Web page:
We are all guilty of holding on to clothes and accessories that we don’t wear or use enough, and nowhere is this more apparent than with our jewellery boxes. Whether it’s a ring that was passed down to you or a pair of earrings that you feel no longer suit your style, it’s very common to hold on to jewellery that you don’t actually wear but refuse to give away, often because it holds sentimental value. But, just as with our wardrobes, it is great to make more of what you already own and invest in that, turning something that is gathering dust into a piece that you cherish daily, and this is particularly easy to do when it comes to jewels.
“There is no point owning jewellery that sits in a drawer never to be worn, simply because the style isn’t quite right for you,” says Emma Clarkson Webb, a London designer who specialises in diamonds and semi-precious stones, and who often helps clients turn old heirlooms into something more fitting for them. “We find that a lot of people are nervous about redesigning vintage pieces because they feel that they are parting with the history attached to the piece, as well as its sentimentality, but this is wrong. We can still create something new and beautiful while respecting the original.”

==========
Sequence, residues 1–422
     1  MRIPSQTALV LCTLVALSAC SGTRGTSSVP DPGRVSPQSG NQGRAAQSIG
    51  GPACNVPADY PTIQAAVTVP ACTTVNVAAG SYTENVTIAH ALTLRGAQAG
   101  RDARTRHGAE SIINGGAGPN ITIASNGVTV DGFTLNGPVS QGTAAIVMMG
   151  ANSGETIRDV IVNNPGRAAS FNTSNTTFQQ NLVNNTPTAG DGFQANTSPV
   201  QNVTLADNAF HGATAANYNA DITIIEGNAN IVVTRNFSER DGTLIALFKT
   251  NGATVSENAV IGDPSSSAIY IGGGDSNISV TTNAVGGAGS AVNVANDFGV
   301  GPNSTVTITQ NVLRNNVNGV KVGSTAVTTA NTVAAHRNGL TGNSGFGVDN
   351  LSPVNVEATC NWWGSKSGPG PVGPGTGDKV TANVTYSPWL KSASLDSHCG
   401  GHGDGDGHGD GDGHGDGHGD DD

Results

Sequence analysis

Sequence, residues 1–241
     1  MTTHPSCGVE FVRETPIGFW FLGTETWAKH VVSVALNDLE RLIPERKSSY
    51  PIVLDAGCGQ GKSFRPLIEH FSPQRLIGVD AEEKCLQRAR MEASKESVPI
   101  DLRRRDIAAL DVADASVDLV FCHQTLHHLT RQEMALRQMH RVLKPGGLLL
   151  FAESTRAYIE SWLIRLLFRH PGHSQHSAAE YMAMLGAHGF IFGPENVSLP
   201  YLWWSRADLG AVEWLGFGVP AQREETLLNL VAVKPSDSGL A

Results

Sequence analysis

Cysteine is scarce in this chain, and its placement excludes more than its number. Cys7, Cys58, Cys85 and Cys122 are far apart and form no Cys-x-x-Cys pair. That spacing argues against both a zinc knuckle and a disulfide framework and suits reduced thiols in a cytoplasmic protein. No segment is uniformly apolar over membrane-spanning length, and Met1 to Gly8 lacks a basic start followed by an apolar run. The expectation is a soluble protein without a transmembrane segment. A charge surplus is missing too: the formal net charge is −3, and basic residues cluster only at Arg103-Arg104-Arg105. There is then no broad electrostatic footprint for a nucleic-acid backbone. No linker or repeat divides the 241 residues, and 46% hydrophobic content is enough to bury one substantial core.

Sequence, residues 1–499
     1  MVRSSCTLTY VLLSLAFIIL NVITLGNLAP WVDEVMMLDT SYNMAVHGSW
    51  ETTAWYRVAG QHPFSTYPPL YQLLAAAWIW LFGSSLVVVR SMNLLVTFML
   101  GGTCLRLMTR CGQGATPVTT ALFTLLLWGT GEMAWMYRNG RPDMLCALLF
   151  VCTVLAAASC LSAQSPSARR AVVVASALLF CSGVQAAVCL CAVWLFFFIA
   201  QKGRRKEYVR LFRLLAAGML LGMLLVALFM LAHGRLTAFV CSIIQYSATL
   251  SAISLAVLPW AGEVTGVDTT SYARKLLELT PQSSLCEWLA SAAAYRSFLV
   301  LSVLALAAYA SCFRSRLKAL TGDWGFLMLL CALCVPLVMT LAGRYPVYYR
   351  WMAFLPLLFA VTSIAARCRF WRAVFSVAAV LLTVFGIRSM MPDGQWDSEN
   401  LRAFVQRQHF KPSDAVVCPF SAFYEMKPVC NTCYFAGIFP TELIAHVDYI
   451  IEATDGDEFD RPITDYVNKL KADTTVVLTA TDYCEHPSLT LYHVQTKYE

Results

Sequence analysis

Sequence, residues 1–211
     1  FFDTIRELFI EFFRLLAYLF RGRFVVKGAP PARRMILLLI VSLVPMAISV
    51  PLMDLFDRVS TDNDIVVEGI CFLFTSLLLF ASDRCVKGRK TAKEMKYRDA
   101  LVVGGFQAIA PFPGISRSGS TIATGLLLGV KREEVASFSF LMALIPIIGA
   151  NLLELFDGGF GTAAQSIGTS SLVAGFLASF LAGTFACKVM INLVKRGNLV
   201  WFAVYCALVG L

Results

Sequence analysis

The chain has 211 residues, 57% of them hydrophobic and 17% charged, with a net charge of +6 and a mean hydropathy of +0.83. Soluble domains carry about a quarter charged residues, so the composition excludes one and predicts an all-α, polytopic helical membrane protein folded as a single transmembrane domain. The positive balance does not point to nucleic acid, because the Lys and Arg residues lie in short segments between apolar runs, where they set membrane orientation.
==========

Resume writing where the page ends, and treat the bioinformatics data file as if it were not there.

In fact, with so many different options available for repurposing jewellery, you can change as much or as little as you like, holding on to certain sentimental aspects, while still making the piece more appropriate for you.
“When it comes to reworking heirlooms into new jewellery, sometimes, we just update the piece, creating a more modern and wearable version of the existing design,” says jeweller Rachel Boston. “With other projects, we’ll do a complete transformation where we reuse the gemstones and metal, and can also supplement with newly sourced gemstones, depending on our client’s chosen design direction.”